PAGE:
American on moon

Editor’s note: The following editorial was published in The Messenger on July 21, 1969. One billion dollars in 1969 would be nearly $7 billion today.

Man has landed and walked on the moon. That the “man” was an American is a source of great pride for all of us … and that includes those who feel that those first moon steps by astronauts Neil Armstrong and Edwin (Buzz) Aldren came at too high a price — $12 billion apiece, as one television commentator noted. (The space program’s cost to date has been set at $24 billion.)

All the superlatives denoting excitement, pride and surprise have been used and re-used in the hours following Neil Armstrong’s tentative step onto the “charcoal-like” powdery substance of the moon. They were used by television viewers and the television commentators alike, and then by those in all parts of the globe asked for comment.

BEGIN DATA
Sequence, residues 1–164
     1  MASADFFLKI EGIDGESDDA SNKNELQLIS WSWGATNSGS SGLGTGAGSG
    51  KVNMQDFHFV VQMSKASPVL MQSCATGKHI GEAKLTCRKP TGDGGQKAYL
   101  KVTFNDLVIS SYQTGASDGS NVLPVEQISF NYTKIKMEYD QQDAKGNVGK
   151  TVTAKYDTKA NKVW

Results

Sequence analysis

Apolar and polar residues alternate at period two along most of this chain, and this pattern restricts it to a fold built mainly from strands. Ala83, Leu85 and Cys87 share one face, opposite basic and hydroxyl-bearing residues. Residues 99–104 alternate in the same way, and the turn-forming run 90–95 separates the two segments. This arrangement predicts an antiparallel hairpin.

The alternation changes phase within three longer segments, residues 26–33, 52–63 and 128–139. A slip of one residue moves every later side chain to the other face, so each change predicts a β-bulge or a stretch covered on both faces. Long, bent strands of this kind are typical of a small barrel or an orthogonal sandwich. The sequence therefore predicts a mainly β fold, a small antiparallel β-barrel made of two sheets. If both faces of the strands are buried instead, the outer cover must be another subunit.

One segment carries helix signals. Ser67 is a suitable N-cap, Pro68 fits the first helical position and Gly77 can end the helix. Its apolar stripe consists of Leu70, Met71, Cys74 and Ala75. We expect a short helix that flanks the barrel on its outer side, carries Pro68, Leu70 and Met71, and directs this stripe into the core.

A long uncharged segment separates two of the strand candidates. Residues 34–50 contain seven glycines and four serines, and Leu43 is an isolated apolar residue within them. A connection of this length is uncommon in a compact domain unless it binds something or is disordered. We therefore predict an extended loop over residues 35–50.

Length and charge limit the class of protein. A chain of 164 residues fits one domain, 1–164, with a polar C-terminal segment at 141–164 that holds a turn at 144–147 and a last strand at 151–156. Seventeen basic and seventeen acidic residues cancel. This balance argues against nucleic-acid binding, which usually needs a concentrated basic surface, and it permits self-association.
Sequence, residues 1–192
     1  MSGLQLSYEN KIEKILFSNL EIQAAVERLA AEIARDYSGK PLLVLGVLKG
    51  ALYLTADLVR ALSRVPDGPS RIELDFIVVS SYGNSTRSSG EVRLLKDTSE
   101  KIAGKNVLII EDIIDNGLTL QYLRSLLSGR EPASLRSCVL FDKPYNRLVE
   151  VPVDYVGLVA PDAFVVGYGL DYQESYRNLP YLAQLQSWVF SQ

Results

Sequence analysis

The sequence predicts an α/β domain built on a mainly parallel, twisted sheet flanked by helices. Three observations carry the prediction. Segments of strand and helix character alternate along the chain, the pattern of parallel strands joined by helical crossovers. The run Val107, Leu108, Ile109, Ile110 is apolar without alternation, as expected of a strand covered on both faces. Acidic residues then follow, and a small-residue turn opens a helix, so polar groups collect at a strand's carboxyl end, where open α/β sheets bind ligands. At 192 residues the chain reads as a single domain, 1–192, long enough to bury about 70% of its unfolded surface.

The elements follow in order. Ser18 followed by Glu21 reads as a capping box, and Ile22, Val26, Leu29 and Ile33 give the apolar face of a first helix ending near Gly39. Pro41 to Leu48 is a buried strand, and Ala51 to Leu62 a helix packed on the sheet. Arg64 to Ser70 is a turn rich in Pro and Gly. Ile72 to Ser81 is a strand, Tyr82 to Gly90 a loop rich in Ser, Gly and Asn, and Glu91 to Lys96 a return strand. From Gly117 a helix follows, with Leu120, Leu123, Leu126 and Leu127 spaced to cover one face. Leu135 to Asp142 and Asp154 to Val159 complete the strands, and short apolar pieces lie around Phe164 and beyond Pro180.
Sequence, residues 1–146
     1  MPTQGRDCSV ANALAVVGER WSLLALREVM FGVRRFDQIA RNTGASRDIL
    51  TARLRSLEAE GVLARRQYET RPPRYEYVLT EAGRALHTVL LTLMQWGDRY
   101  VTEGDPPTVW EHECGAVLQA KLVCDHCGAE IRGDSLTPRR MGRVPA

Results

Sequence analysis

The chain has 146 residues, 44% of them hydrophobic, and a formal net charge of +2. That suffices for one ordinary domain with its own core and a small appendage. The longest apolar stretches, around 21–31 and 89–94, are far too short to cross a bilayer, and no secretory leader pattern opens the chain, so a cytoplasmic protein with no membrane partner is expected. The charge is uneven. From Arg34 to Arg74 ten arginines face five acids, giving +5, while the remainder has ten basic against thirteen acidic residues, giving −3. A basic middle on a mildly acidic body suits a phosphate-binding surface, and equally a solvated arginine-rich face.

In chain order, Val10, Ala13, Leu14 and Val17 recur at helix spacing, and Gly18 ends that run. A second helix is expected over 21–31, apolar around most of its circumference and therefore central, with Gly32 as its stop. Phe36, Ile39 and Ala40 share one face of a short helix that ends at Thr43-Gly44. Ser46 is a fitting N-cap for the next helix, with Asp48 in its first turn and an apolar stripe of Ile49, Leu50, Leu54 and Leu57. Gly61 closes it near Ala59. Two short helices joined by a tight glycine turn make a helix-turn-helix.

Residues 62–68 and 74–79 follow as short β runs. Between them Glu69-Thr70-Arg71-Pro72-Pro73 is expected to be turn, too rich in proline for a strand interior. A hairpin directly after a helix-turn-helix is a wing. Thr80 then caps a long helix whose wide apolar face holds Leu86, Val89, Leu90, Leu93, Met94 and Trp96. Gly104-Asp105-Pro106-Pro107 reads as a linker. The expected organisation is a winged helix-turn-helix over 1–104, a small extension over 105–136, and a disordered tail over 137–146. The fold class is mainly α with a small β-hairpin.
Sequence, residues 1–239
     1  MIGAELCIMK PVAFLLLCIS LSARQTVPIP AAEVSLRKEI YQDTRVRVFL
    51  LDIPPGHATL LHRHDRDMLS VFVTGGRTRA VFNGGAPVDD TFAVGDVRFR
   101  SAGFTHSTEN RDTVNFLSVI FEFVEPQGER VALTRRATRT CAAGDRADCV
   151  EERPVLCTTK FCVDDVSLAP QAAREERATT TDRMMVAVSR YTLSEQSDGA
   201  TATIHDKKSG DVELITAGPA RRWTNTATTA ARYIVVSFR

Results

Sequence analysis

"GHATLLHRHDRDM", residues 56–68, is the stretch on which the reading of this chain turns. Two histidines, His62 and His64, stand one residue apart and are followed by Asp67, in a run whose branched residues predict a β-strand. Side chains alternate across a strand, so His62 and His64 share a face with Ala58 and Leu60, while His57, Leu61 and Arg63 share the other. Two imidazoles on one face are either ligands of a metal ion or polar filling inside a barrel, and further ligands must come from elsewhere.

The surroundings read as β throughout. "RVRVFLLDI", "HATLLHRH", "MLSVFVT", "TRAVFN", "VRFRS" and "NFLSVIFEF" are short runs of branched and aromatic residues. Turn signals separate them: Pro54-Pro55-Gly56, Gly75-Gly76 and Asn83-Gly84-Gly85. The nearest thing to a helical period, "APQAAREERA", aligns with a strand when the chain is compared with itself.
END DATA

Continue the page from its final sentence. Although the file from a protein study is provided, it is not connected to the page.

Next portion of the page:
Apparently, those best able to control themselves were the astronauts themselves. They did their assigned tasks so easily and so calmly that it was difficult to keep remembering they were setting history. About the only fault one could find is that Aldrin didn’t speak directly into the microphone so that all his words could be heard around the globe — and he quickly corrected that deficiency upon coaching from Houston.

This is indeed a great American achievement and should, as many have noted, provide a psychological lift for our nation.

May we prayerfully hope that if we can conquer the problems that stand in the way of a trip to the moon, we can take greater strides toward conquering war, pestilence and earthly suffering.